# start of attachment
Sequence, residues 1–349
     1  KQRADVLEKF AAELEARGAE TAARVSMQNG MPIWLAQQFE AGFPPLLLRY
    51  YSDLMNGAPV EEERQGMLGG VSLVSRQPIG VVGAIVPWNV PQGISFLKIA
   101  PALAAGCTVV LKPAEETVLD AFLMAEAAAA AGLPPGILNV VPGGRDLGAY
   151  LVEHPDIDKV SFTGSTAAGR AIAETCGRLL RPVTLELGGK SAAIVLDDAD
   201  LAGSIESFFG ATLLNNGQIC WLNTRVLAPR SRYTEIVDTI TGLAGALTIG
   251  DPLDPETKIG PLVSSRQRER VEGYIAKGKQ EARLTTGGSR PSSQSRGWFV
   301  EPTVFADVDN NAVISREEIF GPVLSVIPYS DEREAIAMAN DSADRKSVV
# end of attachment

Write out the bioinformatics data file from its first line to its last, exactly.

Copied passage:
Sequence, residues 1–349
     1  KQRADVLEKF AAELEARGAE TAARVSMQNG MPIWLAQQFE AGFPPLLLRY
    51  YSDLMNGAPV EEERQGMLGG VSLVSRQPIG VVGAIVPWNV PQGISFLKIA
   101  PALAAGCTVV LKPAEETVLD AFLMAEAAAA AGLPPGILNV VPGGRDLGAY
   151  LVEHPDIDKV SFTGSTAAGR AIAETCGRLL RPVTLELGGK SAAIVLDDAD
   201  LAGSIESFFG ATLLNNGQIC WLNTRVLAPR SRYTEIVDTI TGLAGALTIG
   251  DPLDPETKIG PLVSSRQRER VEGYIAKGKQ EARLTTGGSR PSSQSRGWFV
   301  EPTVFADVDN NAVISREEIF GPVLSVIPYS DEREAIAMAN DSADRKSVV